The Division of Vascular and Endovascular Surgery, in partnership with the American Board of Venous and Lymphatic Medicine, and supported in part by a grant from the American College of Phlebology Foundation, offers a one-year fellowship to qualified candidates to provide training in the AMA self-designated practice specialty of phlebology. See selection criteria.
The program is designed to train fellows in the diagnosis and treatment of deep and superficial venous disease through a comprehensive curriculum of fundamental principles, diagnostic evaluation, treatment, and adjunctive education.
Common disorders seen in our practice include varicose veins, spider veins, acute venous thrombosis, chronic venous obstruction, venous compression syndromes, pelvic congestion syndrome, venous malformations and venous ulcers. Treatments offered include endovenous ablation, phlebectomy, sclerotherapy, thrombolysis, venous stenting, and embolization, and ulcer care.
Fellows train at the Center for Vein Care, under the director, Antonios P. Gasparis, MD, professor of surgery. Fellows will have the opportunity to clinically evaluate and treat patients with a wide range of venous pathologies. Our practice locations span across Suffolk County, Nassau County, and Manhattan, offering a diverse demographic of patients with venous disease.
At Stony Brook University Hospital, fellows will gain inpatient clinical exposure to acute venous disease by being part of the venous thromboembolism (VTE) service which is run by the associate program director, Angela A. Kokkosis, MD, assistant professor of surgery.
The fellows will also work with world-renowned faculty member, Nicos Labropoulos, PhD, professor of surgery and director of the Non-Invasive Vascular Laboratory, on venous imaging and research projects.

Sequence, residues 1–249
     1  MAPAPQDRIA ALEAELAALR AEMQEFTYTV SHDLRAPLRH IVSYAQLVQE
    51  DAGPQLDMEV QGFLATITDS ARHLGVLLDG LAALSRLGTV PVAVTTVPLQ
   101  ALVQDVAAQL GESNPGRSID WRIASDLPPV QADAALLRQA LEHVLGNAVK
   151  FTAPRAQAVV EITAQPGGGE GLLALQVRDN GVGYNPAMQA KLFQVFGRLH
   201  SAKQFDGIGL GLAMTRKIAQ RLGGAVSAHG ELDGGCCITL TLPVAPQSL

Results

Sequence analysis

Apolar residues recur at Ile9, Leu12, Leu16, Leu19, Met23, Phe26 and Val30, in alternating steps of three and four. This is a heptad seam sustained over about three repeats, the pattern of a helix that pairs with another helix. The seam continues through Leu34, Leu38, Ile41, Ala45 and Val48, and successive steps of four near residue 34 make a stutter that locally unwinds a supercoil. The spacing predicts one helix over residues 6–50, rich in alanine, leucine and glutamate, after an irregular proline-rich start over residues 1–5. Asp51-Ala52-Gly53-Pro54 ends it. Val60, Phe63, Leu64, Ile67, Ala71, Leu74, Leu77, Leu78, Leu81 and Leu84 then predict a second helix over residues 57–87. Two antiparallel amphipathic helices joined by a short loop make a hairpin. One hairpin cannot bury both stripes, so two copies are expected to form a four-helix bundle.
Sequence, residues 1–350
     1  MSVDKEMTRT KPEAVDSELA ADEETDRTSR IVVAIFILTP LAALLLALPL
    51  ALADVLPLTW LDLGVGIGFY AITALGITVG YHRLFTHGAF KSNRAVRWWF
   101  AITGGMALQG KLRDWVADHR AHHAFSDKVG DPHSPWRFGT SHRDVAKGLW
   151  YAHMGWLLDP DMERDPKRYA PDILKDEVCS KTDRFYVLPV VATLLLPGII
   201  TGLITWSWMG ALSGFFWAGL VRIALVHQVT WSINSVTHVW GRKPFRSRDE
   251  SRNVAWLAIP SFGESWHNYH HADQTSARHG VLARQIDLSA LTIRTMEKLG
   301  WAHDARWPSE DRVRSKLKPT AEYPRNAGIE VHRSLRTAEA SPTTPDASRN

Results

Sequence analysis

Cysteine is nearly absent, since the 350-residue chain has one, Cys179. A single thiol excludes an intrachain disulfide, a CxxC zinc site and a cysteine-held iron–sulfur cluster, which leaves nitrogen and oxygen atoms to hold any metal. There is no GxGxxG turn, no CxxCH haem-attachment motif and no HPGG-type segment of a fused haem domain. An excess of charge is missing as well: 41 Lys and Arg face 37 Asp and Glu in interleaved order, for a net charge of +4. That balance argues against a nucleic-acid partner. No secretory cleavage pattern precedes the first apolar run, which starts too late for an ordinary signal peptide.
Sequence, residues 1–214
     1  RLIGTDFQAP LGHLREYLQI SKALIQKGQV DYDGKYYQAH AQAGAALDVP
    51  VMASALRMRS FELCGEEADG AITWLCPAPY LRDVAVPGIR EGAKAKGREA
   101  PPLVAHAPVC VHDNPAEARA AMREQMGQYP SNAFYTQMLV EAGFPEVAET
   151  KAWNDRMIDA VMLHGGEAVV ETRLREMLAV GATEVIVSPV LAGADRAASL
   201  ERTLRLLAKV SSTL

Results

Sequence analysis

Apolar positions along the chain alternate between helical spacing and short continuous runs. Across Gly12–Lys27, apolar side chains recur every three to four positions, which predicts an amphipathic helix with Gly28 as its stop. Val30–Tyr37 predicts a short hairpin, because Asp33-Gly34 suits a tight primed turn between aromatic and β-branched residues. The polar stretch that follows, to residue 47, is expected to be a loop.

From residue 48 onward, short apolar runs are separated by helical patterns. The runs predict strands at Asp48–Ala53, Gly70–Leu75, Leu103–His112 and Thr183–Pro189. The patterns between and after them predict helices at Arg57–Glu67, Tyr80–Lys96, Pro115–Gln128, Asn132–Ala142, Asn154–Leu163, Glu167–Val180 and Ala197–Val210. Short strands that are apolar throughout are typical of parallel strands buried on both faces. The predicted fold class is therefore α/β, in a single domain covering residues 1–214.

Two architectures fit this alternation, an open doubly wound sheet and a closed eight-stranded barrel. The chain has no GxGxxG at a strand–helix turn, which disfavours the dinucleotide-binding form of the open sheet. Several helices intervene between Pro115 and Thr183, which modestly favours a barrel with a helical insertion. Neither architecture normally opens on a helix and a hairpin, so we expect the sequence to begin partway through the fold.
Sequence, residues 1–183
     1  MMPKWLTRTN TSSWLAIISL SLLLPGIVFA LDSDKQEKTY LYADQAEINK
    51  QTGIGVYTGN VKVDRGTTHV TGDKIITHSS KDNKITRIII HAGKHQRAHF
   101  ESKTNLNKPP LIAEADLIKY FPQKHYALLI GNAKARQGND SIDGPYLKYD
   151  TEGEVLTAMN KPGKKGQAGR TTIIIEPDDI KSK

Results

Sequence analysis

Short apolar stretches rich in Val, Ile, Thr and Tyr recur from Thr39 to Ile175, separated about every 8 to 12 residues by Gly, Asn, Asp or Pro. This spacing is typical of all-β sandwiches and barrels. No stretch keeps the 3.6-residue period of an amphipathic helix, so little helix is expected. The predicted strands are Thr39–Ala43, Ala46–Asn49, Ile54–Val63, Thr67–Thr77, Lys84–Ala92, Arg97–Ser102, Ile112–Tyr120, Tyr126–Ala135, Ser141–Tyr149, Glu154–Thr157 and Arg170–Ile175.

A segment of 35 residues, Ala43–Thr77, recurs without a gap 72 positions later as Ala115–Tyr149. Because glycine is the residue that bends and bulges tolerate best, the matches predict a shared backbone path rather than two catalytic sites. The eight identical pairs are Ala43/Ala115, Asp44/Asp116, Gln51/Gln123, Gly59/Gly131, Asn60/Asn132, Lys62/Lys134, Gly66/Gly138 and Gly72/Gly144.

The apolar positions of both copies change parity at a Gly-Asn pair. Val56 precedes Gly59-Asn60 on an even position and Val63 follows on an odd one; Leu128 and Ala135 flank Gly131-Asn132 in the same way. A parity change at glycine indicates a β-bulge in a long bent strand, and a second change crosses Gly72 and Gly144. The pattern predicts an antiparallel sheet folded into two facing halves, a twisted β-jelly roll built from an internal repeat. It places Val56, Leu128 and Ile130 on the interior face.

Both the Center for Vein Care and Vascular Lab are fully accredited by the Intersocietal Accreditation Commission.
Resources available to fellows during their training include a formal rotation in the Vascular Lab; clinical case library; simulation (using simulation models, the fellow will learn how to use the latest non-surgical techniques to treat vein disease); and online literature.
Our Surgical Skills Center, under the direction of Apostolos K. Tassiopoulos, MD, professor of surgery and chief of vascular and endovascular surgery, provides a valuable simulation training experience to benefit fellows and advance their skills.
There is direct participation between each fellow and faculty in support of research and scholarly activity to advance the fellow's knowledge of basic principles of research.
Fellows are required to participate in clinical research, publish at least one paper, and present in at least one national meeting. They are also required to take part in weekly conferences (journal club, M&M, vascular weekly meeting, Vascular Lab QA; Center for Vein Care QA).